What to focus on
All behaviour is communication
All behaviour happens for a reason
All behaviour is preceded by a decision
Decisions can be influenced
Universal Selective Indicated
Environmental Legal sanctions Removing social
Developmental Life skills training Family
Informational Awareness raising Counter narratives Ideological
Beware the ‘Prevention Paradox’ where the greatest harm in a population will occur
in those considered at least risk because there are far more of them than those
considered “at risk”.
Successful prevention relies on the early identification of, and
intervention with, vulnerable (young) people (elephants 1, 2,
Frontline staff/community leaders/parents will be in the best
position to spot vulnerability and the changes in behaviour
indicative of radicalisation (elephant 4).
Structured professional judgment tools will assist their decision
making in this safeguarding context (elephants 1, 2, and 4).
Identify young people who are vulnerable to peer pressure
and potential negative influences of colleagues, friends,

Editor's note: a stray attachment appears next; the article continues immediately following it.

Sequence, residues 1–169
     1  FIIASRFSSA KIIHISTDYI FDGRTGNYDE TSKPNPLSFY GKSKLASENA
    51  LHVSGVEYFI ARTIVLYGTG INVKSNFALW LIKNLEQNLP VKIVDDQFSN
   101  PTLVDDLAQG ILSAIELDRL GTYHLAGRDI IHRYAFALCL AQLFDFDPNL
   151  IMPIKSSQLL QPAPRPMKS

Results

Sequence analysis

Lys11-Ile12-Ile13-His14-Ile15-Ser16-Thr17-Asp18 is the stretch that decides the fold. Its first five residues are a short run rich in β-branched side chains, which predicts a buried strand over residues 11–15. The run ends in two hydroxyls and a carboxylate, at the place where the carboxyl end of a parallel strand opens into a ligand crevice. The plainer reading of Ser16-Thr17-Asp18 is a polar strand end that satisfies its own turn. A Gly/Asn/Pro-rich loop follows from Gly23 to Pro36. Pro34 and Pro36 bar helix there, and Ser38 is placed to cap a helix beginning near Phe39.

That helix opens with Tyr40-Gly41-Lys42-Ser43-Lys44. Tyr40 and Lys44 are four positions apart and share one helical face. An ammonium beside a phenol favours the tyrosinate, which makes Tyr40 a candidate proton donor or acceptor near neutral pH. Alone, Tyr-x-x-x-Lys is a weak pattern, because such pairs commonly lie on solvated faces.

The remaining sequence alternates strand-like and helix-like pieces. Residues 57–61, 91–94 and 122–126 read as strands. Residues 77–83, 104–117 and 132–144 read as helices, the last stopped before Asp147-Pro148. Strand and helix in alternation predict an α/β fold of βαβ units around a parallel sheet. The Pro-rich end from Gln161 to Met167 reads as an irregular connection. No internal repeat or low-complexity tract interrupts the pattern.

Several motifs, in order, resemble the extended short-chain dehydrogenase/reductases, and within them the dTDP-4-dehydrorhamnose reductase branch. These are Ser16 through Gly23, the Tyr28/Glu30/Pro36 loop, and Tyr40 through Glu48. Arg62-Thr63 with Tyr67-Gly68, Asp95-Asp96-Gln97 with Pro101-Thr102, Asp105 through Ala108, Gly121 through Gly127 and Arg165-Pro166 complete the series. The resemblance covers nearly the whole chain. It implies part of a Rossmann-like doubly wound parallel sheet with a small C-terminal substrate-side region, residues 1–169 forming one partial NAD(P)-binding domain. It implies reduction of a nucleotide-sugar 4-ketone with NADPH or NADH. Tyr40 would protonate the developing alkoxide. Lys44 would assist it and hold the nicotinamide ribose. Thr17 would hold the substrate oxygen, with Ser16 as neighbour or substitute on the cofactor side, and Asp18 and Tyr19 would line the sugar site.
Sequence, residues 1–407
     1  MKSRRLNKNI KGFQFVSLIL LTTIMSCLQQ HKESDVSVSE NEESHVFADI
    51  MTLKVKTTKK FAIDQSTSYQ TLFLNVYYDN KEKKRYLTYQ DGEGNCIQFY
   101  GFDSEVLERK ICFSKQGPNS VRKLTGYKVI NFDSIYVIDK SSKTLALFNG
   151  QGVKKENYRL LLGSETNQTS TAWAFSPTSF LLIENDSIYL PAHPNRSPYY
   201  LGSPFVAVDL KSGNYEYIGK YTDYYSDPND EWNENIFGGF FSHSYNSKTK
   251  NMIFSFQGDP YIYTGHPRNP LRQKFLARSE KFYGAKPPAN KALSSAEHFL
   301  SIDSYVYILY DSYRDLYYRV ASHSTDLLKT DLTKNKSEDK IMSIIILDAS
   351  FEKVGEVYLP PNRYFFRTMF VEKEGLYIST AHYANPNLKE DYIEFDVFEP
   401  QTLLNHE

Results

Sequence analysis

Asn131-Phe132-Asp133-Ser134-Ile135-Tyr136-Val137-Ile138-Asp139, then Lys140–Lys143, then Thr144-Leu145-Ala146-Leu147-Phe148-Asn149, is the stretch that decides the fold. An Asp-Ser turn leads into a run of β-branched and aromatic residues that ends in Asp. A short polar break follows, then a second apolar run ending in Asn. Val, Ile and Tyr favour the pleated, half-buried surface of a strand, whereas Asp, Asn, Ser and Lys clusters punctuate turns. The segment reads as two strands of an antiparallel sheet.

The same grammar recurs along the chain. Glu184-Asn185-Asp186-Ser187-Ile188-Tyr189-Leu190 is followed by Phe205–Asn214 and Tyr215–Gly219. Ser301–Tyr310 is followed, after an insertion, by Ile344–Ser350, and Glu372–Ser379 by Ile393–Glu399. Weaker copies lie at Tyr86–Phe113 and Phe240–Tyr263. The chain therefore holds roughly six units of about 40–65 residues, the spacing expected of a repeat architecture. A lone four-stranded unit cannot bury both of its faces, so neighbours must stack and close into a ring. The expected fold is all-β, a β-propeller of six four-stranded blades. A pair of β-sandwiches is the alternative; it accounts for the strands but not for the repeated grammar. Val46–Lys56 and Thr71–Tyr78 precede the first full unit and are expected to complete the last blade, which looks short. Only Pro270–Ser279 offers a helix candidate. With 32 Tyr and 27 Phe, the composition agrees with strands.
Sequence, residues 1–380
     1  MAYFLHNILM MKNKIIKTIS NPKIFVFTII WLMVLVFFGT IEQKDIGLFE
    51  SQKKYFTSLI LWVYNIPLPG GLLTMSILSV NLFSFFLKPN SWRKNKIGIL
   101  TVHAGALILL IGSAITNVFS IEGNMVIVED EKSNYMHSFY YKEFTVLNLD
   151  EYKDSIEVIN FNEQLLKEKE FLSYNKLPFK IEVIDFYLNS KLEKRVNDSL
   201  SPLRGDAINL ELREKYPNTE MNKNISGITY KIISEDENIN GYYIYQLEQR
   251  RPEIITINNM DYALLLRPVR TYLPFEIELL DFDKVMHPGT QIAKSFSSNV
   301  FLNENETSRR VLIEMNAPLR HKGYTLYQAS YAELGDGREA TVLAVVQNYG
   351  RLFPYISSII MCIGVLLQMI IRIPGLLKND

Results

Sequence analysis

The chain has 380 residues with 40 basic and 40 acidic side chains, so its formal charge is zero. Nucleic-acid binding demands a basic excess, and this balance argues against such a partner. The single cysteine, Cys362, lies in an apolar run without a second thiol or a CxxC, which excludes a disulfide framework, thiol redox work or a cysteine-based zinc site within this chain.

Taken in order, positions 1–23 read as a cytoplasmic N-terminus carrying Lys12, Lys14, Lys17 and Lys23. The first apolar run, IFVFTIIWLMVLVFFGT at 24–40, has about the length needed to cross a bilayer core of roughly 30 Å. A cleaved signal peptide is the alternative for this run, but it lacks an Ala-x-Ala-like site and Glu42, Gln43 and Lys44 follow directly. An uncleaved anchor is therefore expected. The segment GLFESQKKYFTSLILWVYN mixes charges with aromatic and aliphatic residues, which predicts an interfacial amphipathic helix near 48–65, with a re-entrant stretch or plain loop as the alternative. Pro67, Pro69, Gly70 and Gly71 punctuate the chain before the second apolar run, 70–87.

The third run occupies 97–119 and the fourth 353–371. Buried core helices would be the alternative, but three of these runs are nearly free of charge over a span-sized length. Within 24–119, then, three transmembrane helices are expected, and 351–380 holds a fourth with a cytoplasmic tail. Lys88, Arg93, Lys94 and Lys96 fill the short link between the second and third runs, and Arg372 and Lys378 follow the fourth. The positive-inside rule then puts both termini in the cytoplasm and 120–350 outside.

Personal, social, and cultural circumstances may make
them particularly vulnerable to recruitment by violent
Early identification of individuals at this stage should allow
supports to be put in place to direct their behaviour away
from violence toward constructive, socially appropriate
Identify boundary testing behaviours.
May already have or be establishing a belief system that is
supportive of violent extremist behaviour.
This requires sensitive challenge and intervention to
increase their critical thinking skills and offer alternatives
to violence for addressing problems and issues.
Identify an increased commitment to the use of violence in
support of beliefs.
Require regular monitoring and intensive intervention to
change established beliefs and behaviours in support of
Preventing violent extremism means that we must identify and
protect vulnerable people before they engage in criminal
This necessitates a large number of ‘false positives’ as most
vulnerable people will not engage in violent extremism even if
they are radicalised.
Waiting until vulnerable people have begun to engage in
criminal behaviour may make successful prevention difficult.